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This Week's Movie Action


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Mysteries of Lisbon
  • Mysteries of Lisbon

In this week's long review, Ignatiy Vishnevetsky leaps head-first into Mysteries of Lisbon, an epic narrative puzzle by the late, great Raul Ruiz (Time Regained, Three Lives and Only One Death). The movie, which runs four-and-a-half hours plus an intermission, opens Friday at Music Box, with shows daily at 1:40 and 6:45 PM.

Also in this week's issue, as part of our fall arts package, I profile documentary maker Debra Tolchinsky, whose video about the Northwestern University debate team, Fast Talk, makes its local premiere on October 1 at Gene Siskel Film Center. There are also previews of ten new movies opening through the end of November, including David Cronenberg's A Dangerous Method, Martin Scorsese's Hugo, George Clooney's The Ides of March, Clint Eastwood's J. Edgar, Kenneth Lonergan's Margaret, Lars von Trier's Melancholia, Simon Curtis's My Week With Marilyn, and Pedro Almodovar's The Skin I Live In.

Check out the paper for new reviews of: Amigo, the latest from indie legend John Sayles (Matewan, Eight Men Out, Lone Star, Sunshine State); Bellflower, a much-praised (but not by me) debut feature by Evan Glodell; Circumstance, a much-praised (including by me) debut film by Northwestern alumnus Maryam Keshavarz; Daylight, a backwoods thriller about a married couple who foolishly pick up a pair of hitchhikers; Drive, the Hollywood debut of Danish action director Nicolas Winding Refn (Bronson, the Pusher trilogy); Gun Hill Road, with Esai Morales as a jailbird struggling to reintegrate himself into his family's home life; I Don't Know How She Does It, the latest chick flick from screenwriter Aline Brosh McKenna (The Devil Wears Prada, 27 Dresses); Seen and Heard Music Video Showcase, a selection of underground music clips assembled by Chicago Filmmakers; Straw Dogs, a remake of the Sam Peckinpah bloodbath; and Where Soldiers Come From, a documentary about young men from small-town Michigan who ship off for Afghanistan.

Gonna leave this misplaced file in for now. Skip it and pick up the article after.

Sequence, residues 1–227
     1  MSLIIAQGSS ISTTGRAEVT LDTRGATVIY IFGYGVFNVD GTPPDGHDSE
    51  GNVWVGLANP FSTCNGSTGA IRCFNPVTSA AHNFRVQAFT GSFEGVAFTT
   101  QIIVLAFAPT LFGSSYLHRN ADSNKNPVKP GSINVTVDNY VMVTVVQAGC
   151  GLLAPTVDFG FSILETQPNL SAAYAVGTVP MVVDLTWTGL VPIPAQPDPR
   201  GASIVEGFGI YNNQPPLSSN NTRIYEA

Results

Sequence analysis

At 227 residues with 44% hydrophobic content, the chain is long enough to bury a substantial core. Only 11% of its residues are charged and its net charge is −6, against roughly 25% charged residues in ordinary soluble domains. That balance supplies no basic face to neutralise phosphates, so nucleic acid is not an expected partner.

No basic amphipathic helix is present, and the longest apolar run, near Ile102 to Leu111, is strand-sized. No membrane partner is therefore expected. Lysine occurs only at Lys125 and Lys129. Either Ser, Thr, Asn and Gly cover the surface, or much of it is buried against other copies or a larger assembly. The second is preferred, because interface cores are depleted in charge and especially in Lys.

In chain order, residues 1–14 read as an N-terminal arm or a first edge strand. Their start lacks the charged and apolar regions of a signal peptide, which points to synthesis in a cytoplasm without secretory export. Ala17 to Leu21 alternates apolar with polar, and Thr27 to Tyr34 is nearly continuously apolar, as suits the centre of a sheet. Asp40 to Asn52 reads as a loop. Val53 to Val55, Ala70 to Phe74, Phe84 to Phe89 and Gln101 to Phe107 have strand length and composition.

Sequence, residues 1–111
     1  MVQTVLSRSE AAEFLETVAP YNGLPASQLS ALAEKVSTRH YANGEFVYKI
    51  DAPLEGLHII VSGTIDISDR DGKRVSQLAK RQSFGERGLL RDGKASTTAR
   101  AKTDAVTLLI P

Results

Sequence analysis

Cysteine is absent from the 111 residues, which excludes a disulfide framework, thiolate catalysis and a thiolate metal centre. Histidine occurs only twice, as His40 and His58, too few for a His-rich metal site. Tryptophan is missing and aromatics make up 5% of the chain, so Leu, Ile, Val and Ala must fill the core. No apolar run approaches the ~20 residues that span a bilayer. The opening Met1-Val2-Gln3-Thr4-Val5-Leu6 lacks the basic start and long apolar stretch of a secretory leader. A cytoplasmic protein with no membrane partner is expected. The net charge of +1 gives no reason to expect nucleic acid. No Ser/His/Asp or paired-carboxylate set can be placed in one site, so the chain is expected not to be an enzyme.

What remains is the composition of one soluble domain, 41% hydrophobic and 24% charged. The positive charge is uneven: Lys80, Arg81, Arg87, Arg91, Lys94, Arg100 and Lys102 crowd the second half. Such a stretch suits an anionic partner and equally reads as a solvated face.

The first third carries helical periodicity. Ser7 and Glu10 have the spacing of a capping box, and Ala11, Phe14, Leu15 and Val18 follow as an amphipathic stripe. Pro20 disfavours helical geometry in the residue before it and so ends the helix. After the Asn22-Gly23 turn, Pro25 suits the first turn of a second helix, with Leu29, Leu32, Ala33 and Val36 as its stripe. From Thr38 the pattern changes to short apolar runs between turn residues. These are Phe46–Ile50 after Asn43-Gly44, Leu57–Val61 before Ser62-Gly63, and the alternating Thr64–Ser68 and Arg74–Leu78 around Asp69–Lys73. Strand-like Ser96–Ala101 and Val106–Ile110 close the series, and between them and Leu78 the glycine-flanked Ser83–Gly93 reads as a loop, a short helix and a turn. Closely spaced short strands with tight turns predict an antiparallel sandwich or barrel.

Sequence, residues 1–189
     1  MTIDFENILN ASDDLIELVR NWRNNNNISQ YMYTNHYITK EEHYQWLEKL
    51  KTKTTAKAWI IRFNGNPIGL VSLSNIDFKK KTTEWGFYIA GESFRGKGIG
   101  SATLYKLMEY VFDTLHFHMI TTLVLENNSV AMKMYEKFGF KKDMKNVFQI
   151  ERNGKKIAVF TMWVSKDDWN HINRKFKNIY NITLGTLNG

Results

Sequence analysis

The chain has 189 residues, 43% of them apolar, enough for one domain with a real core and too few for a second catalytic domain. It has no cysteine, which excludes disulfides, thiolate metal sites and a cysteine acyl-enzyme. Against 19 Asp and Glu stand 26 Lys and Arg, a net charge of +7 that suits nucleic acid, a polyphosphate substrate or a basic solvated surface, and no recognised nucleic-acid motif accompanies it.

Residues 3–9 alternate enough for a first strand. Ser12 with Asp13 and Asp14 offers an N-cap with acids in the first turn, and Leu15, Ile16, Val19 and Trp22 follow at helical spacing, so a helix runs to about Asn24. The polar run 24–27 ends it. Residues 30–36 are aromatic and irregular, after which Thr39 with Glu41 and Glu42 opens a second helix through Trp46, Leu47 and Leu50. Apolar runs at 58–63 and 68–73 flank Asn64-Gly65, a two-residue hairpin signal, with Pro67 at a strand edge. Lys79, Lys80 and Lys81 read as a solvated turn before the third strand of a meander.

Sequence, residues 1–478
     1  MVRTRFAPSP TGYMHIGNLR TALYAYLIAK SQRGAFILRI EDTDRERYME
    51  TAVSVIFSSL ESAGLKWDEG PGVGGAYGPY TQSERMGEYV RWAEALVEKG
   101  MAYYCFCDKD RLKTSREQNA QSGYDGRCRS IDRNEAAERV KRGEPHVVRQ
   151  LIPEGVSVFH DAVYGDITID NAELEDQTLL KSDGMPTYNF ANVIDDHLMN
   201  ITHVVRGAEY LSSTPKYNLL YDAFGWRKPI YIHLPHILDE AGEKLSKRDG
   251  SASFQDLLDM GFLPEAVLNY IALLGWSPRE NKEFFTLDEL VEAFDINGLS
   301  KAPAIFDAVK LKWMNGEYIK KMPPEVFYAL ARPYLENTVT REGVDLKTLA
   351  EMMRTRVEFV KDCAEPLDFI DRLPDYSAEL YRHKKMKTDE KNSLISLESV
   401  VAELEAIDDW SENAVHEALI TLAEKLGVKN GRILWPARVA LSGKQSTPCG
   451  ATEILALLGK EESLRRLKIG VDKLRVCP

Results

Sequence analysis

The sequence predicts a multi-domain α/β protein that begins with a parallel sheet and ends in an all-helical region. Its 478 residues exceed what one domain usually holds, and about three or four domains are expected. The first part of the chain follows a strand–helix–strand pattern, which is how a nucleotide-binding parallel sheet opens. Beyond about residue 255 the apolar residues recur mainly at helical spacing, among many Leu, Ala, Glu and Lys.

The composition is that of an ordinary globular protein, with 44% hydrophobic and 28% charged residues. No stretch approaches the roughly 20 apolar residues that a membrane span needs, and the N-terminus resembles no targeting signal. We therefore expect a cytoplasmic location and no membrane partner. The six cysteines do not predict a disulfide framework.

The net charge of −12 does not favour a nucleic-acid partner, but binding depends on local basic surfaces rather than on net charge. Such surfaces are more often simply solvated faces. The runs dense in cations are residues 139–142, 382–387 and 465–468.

Best bets for repertory: Arthur Penn's Alice's Restaurant (1969), Friday through Sunday at Music Box; Billy Wilder's The Apartment (1960), Friday and Tuesday at Film Center; Ida Lupino's The Hitch-Hiker (1953), Wednesday at the Portage, courtesy of the Northwest Chicago Film Society; and Alex Cox's Sid and Nancy (1986), midnight Friday and Saturday at Music Box.

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